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Kittrell v. Watson

Commonwealth Court of Pennsylvania

April 2, 2014

Roland Kittrell, Appellant
v.
Timothy Watson, Rodney Kauffman, Mr. Grassmyer, Mr. Ordorf and Mr. Evans

Appealed from No. 2012-016. Common Pleas Court of the County of Centre. Kistler, J.

Roland Kittrell, Pro se.

Joseph Fulginiti, Assistant Counsel, for appellees.

BEFORE: HONORABLE BERNARD L. McGINLEY, Judge, HONORABLE ROBERT SIMPSON, Judge, HONORABLE JAMES GARDNER COLINS, Senior Judge.

OPINION

Page 1092

ROBERT SIMPSON, Judge.

Roland Kittrell (Kittrell), an inmate representing himself, appeals from the order of the Court of Common Pleas of Centre County (trial court) that dismissed his complaint pursuant to Section 6602(e) of the Prison Litigation Reform Act (PLRA),[1] for failure to exhaust administrative remedies. The trial court did not address the other preliminary objections the Department of Corrections (DOC) filed on behalf of its individual employees[2] (Respondents). On appeal, Kittrell argues he exhausted his administrative remedies based on the prisoner mailbox rule. Alternatively, he asserts Respondents precluded him from exhausting his remedies. Upon review, we vacate the trial court's order and remand so it may consider evidence pertaining to the prisoner mailbox rule and, if necessary, decide the remaining preliminary objections.

I. Background

Kittrell filed a civil rights complaint under 42 U.S.C. § 1983, seeking compensatory and punitive damages. According to his complaint, on December 31, 2009, Respondents intentionally and maliciously assaulted him, while he was handcuffed, resulting in significant injuries. Kittrell asserts he was a target for the assault based on his complaints of sexual harassment and sexual assault. Kittrell also accuses Respondents of verbal abuse, excessive force and deliberate indifference, and a failure to protect him from a known harm in violation of the Eighth Amendment of the United States Constitution. He further alleges that, following the attack, he was unlawfully confined in a torture cell without adequate food or medical treatment, also violating his constitutional rights.

DOC counters that Kittrell instigated the attack on an officer. Respondents reacted, attempting to subdue him and to restore order to the prison. DOC asserts Kittrell is precluded from seeking judicial relief because he did not follow the administrative process outlined in DOC's policy, DC-ADM 804 (Policy).

A. Administrative Process

Pursuant to DOC's Inmate Grievance Review System, 37 Pa. Code § 93.9 (incorporating DC-ADM 804), inmates may seek resolution of problems or issues of concern arising during the course of their confinement (Grievance Process). The Grievance Process consists of three steps. In Step 1, an inmate must submit the initial grievance to the Grievance Coordinator within 15 working days of the initial incident. The Grievance Coordinator then has 15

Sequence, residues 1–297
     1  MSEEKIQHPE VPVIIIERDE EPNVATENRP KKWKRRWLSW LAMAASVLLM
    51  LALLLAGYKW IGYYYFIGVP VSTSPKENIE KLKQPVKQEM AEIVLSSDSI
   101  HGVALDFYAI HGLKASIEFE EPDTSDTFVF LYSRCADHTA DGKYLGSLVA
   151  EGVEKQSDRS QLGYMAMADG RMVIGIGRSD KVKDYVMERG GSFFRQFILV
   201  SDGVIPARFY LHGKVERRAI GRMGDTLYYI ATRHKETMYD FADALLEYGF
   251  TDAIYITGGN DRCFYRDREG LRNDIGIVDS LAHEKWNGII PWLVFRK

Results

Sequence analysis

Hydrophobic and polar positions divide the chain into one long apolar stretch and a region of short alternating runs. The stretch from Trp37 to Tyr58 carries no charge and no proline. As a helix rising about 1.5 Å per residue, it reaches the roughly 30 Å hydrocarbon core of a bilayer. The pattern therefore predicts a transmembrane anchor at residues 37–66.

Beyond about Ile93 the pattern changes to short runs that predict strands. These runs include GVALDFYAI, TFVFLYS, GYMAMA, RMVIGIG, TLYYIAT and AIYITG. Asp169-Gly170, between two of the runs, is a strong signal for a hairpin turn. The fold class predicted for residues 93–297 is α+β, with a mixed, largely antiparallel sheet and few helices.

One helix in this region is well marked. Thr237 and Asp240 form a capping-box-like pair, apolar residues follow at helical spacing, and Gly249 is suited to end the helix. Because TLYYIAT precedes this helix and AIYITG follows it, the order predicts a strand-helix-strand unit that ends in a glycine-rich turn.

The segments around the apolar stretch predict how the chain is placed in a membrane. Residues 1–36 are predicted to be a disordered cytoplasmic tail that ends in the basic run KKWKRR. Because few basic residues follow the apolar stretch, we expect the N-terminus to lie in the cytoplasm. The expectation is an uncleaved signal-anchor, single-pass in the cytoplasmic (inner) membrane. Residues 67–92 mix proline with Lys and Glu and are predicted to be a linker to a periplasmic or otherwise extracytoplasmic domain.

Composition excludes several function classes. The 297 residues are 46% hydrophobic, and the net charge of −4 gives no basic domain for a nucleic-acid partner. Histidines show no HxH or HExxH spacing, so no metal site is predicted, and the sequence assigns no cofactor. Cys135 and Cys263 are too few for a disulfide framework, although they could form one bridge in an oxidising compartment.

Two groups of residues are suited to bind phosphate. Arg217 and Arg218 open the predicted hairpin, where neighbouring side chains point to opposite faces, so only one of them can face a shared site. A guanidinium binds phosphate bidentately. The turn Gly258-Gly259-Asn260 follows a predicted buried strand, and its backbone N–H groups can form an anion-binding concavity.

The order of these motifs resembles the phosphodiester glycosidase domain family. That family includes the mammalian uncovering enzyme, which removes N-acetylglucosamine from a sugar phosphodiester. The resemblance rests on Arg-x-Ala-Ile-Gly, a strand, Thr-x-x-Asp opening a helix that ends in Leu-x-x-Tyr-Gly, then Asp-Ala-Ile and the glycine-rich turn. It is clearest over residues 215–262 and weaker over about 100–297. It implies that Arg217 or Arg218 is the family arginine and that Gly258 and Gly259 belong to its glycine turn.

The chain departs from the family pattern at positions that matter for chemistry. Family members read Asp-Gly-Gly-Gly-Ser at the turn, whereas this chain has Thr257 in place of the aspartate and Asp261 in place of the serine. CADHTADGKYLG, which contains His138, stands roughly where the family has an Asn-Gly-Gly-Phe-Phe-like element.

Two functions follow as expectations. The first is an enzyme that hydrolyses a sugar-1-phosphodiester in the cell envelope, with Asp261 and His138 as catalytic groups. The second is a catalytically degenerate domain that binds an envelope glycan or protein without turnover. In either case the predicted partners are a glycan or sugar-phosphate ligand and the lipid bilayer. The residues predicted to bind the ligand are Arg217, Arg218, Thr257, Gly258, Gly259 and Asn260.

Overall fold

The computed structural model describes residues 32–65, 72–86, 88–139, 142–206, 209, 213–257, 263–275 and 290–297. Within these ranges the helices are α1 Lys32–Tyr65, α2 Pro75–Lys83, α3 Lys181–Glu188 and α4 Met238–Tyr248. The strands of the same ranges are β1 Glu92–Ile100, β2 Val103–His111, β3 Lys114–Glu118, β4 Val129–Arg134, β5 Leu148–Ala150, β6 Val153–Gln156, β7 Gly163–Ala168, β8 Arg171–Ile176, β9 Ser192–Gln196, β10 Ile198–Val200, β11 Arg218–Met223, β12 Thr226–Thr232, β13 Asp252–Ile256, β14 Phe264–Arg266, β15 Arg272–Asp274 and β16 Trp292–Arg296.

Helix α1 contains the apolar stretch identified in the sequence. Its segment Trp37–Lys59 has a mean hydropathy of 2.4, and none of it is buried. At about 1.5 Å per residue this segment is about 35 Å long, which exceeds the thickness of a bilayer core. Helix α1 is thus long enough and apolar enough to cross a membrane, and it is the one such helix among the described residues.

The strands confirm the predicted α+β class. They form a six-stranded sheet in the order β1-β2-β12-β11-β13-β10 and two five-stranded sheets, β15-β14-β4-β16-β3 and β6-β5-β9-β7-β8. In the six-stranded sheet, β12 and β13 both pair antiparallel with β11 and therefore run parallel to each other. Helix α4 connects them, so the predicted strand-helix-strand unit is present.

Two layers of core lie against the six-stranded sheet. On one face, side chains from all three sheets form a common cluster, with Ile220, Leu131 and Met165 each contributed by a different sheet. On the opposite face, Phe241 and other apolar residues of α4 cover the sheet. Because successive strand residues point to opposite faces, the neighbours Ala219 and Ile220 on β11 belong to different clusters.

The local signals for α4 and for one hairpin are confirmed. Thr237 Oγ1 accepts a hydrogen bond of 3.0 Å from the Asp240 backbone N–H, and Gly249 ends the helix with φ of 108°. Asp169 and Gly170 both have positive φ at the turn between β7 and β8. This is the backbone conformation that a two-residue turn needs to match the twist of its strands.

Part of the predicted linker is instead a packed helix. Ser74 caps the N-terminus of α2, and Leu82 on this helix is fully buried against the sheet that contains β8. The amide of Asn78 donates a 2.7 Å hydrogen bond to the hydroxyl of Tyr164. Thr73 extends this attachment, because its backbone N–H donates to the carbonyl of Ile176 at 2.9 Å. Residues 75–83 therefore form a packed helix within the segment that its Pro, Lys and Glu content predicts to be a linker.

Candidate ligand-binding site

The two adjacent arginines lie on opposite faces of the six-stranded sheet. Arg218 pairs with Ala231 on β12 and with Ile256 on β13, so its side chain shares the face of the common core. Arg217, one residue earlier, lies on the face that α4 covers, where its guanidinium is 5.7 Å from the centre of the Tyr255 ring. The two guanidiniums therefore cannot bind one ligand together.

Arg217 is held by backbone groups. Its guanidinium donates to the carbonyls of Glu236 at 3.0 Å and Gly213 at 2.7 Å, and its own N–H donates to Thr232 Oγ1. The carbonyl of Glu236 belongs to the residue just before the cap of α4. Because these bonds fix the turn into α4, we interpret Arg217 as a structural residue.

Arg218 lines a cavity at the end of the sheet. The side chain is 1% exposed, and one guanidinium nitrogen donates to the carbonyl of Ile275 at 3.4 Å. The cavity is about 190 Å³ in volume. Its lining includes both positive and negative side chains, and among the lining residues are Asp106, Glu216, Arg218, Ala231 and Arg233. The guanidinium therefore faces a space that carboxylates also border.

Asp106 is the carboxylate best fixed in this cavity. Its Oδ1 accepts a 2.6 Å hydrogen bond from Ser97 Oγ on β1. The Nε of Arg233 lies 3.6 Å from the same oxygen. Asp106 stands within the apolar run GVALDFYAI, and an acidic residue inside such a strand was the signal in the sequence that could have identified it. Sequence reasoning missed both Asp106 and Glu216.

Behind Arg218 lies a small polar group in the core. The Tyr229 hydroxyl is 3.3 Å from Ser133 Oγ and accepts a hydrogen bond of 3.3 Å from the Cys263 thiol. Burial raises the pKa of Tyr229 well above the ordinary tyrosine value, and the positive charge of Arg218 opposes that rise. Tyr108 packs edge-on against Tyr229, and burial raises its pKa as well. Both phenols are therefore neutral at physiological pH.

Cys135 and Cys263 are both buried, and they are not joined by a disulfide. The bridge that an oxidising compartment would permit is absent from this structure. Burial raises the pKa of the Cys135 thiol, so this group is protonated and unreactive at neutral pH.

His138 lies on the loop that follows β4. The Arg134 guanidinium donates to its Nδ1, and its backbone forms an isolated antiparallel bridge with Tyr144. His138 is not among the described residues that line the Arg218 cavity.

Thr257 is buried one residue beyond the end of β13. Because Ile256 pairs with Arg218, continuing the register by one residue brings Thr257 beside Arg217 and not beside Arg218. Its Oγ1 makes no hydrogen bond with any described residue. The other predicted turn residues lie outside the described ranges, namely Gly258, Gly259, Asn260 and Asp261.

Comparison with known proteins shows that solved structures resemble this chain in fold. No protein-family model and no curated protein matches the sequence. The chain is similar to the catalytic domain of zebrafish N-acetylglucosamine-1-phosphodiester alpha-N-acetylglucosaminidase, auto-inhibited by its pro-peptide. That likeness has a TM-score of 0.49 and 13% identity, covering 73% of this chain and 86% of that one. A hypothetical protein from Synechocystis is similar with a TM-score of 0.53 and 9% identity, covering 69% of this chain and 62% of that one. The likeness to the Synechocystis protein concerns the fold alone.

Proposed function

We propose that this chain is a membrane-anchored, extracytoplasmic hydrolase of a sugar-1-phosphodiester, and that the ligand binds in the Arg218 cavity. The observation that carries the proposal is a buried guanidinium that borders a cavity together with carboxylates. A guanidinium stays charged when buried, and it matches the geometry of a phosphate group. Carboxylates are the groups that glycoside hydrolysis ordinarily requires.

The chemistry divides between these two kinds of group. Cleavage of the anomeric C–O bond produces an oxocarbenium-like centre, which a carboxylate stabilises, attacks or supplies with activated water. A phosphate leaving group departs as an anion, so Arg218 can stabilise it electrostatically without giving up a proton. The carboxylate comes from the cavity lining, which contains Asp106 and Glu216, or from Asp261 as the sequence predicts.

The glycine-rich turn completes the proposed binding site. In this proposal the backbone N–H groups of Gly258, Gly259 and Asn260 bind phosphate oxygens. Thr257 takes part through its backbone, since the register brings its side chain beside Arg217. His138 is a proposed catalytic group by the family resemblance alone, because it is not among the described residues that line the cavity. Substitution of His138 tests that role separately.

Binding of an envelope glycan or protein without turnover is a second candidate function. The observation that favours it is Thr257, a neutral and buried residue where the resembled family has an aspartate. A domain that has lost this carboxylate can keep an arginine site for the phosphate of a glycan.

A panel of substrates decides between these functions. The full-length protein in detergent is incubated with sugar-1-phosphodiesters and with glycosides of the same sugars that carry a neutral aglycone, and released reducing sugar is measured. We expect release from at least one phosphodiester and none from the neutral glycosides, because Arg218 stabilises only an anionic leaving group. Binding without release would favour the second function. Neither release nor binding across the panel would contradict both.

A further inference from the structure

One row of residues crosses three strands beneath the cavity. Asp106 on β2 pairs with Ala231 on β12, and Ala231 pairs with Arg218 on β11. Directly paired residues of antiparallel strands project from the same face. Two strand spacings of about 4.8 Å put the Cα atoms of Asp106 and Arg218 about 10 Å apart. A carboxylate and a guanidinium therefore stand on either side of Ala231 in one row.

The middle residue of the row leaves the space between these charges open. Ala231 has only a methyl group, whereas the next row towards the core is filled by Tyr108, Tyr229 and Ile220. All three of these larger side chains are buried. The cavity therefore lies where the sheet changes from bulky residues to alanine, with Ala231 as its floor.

Page 1093

working days to provide a written response.

In Step 2, an inmate must appeal the grievance response to the Facility Manager or Superintendent within 15 working days of receiving it. In turn, the Manager or Superintendent must notify the inmate of his decision within 15 working days of receiving the appeal.

If still dissatisfied, an inmate in Step 3 must submit the final appeal to the Secretary's Office of Inmate Grievances and Appeals (Central Office) within 15 working days of receiving an appeal response. The Central Office then has 30 working days to respond to the inmate. The Grievance Process thus culminates in the Central Office's response.

Significant to this appeal, DOC's Policy provides an exception to the timing requirements for filing inmate appeals under this process. In regards to Step 2, in the section entitled " Staff Responsibilities," it states:

[a]n exception to the 15 day filing requirement will be made only when the inmate notifies the Facility Manager/designee [Superintendent] of the reason for the delay and it is determined that the delay in filing was caused by:

(1) a temporary transfer from the facility where the grievance should have been filed;

(2) a permanent transfer to another facility from where the grievance should have been filed;
(3) Authorized Temporary Absence (ATA) for an extended period; or
(4) another delay with mail delivery.

See DC-ADM 804(A)(2)(c) (emphasis added).

B. Procedural History

Kittrell sought administrative relief through the Grievance Process. Pursuant to Step 1, he submitted a grievance on January 16, 2010. After receiving a request for clarification of that grievance, Kittrell submitted an amended grievance on January 28, 2010.

A month later, DOC acknowledged receiving his grievance, but did not respond to it. This acknowledgment stated, " [t]he investigation of your grievance is continuing. Due to the need for additional information, I cannot provide a response within the original time frame." Certified Record (C.R.), Item No. 36, ...


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